and Chevron they`re going to do fine. And companies that will depend on
oil to manufacture things, they`re going to see their margins improve
because they have a lower cost to both feed stocks and energy.

SCHULTZ: So why build Keystone if this is the way it is, Bart?

CHILTON: Well I`m not a big fan to begin with quite frankly. I mean I
think there is, you know, certain some economic benefits. But quantifying
those, I still think it`s sort of a black box. So, I have not been a big
supporter of Keystone to begin with. You`re probably asking the wrong guy,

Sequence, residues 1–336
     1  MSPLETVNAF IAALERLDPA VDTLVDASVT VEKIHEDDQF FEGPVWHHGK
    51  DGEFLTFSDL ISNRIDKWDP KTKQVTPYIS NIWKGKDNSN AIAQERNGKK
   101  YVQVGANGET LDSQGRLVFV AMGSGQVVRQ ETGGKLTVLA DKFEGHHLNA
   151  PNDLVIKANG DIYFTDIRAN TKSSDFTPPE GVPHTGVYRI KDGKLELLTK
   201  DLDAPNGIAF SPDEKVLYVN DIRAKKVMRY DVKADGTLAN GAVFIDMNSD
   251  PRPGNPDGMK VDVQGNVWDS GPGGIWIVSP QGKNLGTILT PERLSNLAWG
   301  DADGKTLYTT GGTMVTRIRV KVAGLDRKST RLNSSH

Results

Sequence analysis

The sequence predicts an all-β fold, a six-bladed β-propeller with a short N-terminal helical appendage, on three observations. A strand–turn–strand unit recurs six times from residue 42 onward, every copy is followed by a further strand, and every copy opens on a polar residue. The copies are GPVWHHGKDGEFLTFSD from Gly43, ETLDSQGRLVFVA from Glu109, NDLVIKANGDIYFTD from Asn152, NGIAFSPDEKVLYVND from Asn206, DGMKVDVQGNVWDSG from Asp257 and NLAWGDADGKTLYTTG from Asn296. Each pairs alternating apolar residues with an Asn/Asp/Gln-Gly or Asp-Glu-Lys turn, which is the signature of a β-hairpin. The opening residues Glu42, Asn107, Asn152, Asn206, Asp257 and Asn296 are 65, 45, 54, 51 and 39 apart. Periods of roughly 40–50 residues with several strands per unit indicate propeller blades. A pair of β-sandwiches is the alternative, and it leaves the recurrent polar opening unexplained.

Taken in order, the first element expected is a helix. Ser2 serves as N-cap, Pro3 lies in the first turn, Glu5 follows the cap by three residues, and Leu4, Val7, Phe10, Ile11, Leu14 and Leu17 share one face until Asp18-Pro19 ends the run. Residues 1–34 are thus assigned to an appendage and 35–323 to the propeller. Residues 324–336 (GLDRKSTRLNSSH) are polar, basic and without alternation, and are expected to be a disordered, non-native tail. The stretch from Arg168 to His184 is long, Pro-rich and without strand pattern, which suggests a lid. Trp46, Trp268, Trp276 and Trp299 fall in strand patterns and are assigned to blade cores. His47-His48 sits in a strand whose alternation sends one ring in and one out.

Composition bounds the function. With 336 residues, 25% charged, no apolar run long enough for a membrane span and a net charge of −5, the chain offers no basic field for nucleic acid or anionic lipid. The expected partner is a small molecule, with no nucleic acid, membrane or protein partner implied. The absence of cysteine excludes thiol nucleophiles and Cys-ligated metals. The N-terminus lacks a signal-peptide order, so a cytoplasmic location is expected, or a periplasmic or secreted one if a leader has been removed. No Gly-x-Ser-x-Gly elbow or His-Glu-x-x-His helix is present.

Ed.

SCHULTZ: Well, I just think it`s going to be real hard for the proponents
of Keystone to make the case that we have to have more oil on the market
right now, on the world market especially the dirtiest oil that`s out
there.

Mark Chilton and David Cape Johnston, great to have you with us tonight,
thanks for joining us on the Ed Show.

Coming up Senator Bernie Sanders joins us on the fight against corporate
tax breaks. The Punch Out ahead after the two minute drill.

Stay with us, we`ll be right back.

(COMMERICIAL BREAK)

SCHULTZ: All right, time now for the two minute drill. College football
fans, this is what you`ve always wanted, anxiously awaiting the rankings to
come out. To have a real playoffs series, to find out who truly is number
one, all eyes on the National Champion game.

All right, Florida State, TCU, Oregon, and Alabama, they`re all in the hunt
for the coveted spot for first ever NCAA playoffs. Here`s how I see it,